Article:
Thursday, May 23, 2013

Toy Review: Masters of the Universe Classics Zodac

Here's a character that I always loved as a kid.  I'm not really sure why, though.  When compared to most other Masters of the Universe (MOTU) characters, Zodac (not "Zodiac") is a bit on the dull side.  He's got little in the way of bright colors, and really no special features.  He's even only got the one real accessory.   Beyond that, Zodac hardly ever put in an appearance on the He Man and the Masters of the Universe television show.  Still, there's just a quality of completeness about Zodac.  He's just a good clean science fiction action figure.  

This Zodac isn't an original MOTU toy, but rather one of the many Masters of the Universe Classics figures that Mattel has released since 2009.  These figures are designed to closely mimic the feel of the originals, while bringing the toy engineering up to a modern standard.  There are many more points of articulation and a greater attention to "fit and finish" than their vintage counterparts.  Partly this is due to the MOTUC line being an adult collector's line (sold by Mattel only online or through online vendors), where the original toys were strictly children's playthings.  Oddly enough, despite the collector's nature of these, they are pretty much just modern toys.  There's little difference in my opinion between these and many other action figures released in retail stores these days.

Like the MOTUC He-Man figure, Zodac stands around seven inches tall.  He shares the same upper arms, thighs, and hips/loincloth as He-Man, and this is par for the course for both the original line and the Classics line.  Reuse of parts was a way to reduce development costs back when these toys were originally introduced, and now it serves the same purpose while being true to the way the older toys were made.  Very clever, Mattel!

Zodac sports his iconic red and gray helmet with glassy black bug-eyed sunglasses.  I'm not sure what the helmet does for him, given that he's nearly half naked otherwise.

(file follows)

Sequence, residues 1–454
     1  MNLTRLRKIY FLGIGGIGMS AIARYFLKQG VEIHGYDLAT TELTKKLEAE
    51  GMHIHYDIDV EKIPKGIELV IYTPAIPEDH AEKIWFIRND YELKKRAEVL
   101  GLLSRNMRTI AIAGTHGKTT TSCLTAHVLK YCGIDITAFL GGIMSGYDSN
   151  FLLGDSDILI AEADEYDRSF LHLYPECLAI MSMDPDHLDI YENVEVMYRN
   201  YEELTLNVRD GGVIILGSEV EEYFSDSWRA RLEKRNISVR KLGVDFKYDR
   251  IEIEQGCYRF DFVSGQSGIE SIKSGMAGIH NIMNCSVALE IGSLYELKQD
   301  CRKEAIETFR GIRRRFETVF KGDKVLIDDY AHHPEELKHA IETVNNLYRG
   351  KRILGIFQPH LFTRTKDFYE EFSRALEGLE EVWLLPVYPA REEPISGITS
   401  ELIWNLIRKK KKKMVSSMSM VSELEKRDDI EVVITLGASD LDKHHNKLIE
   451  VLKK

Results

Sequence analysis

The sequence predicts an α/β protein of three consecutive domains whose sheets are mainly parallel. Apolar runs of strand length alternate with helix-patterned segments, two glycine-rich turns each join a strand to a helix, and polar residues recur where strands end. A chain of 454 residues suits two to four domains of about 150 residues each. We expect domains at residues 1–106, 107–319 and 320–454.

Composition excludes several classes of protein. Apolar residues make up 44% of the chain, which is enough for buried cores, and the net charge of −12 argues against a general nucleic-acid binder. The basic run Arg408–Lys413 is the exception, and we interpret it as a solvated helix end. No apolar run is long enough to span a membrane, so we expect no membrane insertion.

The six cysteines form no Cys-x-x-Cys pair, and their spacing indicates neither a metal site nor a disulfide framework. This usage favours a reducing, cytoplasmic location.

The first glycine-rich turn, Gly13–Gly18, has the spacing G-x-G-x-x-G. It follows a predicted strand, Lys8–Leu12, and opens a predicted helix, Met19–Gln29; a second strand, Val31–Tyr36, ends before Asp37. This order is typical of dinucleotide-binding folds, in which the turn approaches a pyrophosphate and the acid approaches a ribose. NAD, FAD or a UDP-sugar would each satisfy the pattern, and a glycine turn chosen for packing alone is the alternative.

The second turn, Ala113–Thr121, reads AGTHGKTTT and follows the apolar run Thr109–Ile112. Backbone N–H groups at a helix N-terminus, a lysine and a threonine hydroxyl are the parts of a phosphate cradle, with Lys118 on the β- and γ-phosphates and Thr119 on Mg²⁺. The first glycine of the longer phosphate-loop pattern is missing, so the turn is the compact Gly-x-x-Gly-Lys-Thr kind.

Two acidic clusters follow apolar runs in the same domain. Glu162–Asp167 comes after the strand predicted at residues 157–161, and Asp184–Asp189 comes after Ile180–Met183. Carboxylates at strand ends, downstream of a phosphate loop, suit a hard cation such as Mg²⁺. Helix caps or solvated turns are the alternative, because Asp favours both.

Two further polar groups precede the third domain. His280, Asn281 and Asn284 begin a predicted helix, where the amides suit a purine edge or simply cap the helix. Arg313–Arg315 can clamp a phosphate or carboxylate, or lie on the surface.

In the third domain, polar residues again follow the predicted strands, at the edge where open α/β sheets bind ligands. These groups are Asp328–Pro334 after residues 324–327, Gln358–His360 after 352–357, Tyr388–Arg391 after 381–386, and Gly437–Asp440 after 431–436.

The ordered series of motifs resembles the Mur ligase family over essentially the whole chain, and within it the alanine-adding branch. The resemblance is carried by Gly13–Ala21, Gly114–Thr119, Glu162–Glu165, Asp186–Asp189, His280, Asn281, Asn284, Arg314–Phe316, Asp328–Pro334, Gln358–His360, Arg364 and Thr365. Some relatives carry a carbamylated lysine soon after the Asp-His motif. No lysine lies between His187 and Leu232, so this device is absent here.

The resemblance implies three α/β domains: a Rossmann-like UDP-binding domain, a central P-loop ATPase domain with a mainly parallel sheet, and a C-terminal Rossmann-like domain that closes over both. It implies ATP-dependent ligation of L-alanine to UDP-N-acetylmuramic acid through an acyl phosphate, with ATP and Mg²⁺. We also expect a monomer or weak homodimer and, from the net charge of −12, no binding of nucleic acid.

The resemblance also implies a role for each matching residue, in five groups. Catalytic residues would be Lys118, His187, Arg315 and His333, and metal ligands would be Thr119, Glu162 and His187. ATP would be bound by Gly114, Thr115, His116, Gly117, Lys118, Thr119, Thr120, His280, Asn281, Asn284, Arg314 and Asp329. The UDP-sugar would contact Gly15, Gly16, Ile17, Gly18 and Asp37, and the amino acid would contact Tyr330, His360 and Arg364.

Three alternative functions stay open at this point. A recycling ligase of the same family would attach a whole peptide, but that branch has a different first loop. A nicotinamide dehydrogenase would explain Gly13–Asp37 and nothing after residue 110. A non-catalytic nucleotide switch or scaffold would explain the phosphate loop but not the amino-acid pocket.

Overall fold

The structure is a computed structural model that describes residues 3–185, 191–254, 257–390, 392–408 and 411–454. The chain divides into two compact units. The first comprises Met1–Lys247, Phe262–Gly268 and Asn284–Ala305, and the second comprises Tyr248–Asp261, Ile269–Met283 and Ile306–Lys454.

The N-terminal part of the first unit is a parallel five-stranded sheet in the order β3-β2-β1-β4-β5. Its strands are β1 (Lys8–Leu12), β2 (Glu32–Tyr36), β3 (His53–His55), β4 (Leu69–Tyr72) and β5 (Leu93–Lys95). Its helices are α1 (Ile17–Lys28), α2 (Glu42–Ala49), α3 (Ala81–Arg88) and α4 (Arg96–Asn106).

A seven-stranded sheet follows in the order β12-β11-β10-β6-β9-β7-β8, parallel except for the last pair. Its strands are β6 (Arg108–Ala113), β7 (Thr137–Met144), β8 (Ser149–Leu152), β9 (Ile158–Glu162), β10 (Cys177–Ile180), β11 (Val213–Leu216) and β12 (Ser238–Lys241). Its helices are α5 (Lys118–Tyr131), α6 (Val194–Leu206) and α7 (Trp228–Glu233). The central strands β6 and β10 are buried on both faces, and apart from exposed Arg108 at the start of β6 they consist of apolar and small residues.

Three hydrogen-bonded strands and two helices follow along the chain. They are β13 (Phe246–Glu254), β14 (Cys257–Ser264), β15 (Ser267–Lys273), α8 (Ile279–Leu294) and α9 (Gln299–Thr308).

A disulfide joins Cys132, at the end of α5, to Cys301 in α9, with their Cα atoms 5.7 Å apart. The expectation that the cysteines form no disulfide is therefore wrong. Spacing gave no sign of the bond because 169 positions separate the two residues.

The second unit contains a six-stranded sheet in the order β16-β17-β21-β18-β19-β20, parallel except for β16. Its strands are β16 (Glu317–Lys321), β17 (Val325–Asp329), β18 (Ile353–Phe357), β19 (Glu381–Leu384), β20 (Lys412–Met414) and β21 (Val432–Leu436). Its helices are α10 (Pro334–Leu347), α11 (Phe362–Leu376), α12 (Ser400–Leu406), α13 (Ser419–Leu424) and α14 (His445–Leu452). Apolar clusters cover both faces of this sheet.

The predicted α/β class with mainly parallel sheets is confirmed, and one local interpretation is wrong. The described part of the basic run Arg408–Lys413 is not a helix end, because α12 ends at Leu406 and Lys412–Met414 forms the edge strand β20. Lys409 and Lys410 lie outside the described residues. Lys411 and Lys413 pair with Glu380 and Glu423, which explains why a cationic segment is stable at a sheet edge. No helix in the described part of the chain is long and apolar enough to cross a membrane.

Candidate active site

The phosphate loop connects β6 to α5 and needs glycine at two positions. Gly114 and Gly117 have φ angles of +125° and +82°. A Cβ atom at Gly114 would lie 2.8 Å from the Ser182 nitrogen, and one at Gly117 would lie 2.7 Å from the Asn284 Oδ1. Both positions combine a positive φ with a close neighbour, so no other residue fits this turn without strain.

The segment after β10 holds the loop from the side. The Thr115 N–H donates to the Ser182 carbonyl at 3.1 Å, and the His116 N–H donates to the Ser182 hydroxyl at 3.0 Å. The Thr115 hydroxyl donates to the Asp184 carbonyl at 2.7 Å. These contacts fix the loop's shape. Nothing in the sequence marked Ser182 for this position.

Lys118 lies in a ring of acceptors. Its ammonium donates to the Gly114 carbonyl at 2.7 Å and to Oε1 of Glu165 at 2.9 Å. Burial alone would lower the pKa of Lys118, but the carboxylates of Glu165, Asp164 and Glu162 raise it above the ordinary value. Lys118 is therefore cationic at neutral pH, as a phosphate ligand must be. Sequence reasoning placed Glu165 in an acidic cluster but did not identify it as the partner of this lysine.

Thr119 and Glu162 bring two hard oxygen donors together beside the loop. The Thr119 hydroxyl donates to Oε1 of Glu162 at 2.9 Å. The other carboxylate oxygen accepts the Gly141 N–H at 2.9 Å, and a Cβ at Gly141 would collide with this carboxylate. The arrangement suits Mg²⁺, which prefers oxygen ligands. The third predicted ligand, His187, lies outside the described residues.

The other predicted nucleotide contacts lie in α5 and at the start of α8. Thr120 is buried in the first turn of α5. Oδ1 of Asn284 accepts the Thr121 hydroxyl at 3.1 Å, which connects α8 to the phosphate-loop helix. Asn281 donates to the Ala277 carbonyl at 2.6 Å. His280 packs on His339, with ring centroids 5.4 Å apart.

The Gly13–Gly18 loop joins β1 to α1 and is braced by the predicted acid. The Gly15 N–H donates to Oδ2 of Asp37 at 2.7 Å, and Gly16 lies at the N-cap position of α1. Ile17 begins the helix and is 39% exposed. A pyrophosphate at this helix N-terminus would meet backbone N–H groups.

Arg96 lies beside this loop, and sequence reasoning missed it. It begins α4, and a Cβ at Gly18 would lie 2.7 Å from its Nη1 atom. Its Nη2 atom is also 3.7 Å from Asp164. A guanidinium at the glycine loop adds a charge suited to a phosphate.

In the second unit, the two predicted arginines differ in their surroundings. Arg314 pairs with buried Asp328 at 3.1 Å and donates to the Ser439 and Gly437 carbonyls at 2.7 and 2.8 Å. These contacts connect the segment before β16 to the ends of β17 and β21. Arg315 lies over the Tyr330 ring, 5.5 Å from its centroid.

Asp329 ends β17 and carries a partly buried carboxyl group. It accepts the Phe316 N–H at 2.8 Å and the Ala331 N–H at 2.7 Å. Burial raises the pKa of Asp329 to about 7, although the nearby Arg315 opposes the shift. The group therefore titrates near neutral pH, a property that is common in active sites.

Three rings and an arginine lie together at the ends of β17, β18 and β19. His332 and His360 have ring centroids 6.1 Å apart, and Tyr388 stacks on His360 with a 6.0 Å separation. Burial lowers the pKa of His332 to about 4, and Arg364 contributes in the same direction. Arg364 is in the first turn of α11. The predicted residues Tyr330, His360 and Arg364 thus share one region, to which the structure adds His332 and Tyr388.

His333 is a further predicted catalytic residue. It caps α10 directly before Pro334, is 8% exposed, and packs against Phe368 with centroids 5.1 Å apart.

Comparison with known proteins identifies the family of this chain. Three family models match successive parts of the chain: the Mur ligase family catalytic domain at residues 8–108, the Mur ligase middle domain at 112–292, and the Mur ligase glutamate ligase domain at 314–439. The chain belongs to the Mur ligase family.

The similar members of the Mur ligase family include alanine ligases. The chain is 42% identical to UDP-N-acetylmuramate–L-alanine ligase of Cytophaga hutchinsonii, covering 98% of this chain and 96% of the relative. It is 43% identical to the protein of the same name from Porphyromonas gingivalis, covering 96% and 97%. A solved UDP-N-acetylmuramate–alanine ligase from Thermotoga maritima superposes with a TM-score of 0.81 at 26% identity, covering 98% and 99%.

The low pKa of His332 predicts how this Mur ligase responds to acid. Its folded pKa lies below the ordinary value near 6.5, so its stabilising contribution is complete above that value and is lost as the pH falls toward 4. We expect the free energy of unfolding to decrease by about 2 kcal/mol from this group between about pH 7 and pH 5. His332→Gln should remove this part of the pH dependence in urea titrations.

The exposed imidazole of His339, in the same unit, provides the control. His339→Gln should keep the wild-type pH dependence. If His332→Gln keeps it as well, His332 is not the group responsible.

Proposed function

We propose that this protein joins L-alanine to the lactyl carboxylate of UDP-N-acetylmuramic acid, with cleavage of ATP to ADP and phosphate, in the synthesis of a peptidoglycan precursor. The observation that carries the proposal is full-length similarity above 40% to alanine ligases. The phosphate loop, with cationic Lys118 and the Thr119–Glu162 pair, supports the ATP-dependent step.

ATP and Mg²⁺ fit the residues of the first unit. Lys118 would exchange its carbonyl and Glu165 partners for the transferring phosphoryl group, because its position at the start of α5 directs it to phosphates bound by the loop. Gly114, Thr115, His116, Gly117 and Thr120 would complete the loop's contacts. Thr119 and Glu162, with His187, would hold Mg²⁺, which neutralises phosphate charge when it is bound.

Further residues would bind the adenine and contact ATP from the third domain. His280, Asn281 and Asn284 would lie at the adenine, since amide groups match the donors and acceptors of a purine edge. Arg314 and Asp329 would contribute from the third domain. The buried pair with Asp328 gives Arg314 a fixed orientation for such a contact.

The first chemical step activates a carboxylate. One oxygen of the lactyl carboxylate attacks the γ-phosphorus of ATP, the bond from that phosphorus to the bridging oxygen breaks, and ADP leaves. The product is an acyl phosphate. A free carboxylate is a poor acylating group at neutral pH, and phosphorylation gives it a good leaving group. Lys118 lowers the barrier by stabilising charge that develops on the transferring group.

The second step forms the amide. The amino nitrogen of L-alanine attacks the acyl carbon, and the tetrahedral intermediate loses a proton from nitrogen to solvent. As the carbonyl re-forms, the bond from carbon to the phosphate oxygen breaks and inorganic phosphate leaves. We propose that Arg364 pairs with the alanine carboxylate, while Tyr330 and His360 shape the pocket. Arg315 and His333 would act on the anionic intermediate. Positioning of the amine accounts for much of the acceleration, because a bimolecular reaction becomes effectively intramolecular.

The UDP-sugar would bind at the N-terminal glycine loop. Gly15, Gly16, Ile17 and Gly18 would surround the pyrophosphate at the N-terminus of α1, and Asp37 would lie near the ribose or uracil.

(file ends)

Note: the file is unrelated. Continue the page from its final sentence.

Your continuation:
Zodac's other bit of armor is an angular chest-plate.  I've done my best to find a way to remove it, as was possible with the original toy, but it seems that Mattel's designers made it a permanently attached part.  That's a bit of a shame as most of the rest of the armor bits on the toys in the MOTUC line are removable.

Zodac always had weird forearms and hands, and no wonder, as these are reused from Skeletor.  They have a strange fin-like quality, but also look as if with a proper splash of paint they could easily become fancy gloves of some kind.

The lower legs give more of an example of the paint possibilities I was talking about with the arms.  These are, again, reused from Skeletor.  Somehow, Zodac's three toes are part of his boot as well.  

Another trademark Zodac feature was his hairy chest.  Very few MOTU figures got this particular part, but Zodac got to be just that bit more manly than He-Man in this regard.  The hair, however, was never anything more than just the color of the rest of his flesh, so there's always the possibility that his chest actually was just highly wrinkled.  Highly wrinkled or fleshily hairy.  Oh well, he's already got those weird arms and toes, so what's one more oddity thrown into the mix?

Zodac's backpack looks as if it might contain a rocket or possibly anti-gravity generator for limited flight.  As was the way with the MOTU world, both fantasy and science fiction elements are at play here.  Zodac carries a gun, and wears futuristic armor, but he also wears a furry loincloth and barbaric...  uh...  belt-thingy.  

Speaking of his blaster, there's quite a bit of detail molded in.  It's made of a brighter red plastic than Zodac's other gear and does include a few paint applications.  

The MOTUC figures are chock full of articulation, with joints just about everywhere.  Oddly enough, this doesn't actually yield all that much in the way of poseability.  Zodac can pull off some action poses, but they're not really all that dynamic.

Zodac's really at his best standing heroically at attention.

I poke fun at poor old Zodac, but he really is a pretty cool action figure.  Gotta hand it to the folks at Mattel all those years ago for coming up with a unique vision for the world that these characters exist in.  The mix of swords and sorcery and technology actually works well in tandem, and this allows many of the MOTU characters to be pretty outlandish and still fit in nicely.  Zodac's weird enough in his own way, but he's pretty tame in comparison to some of the others.  That still doesn't keep him from being one of my most favored characters in the line.  It's nice to have this faithful update to the original in my possession.  

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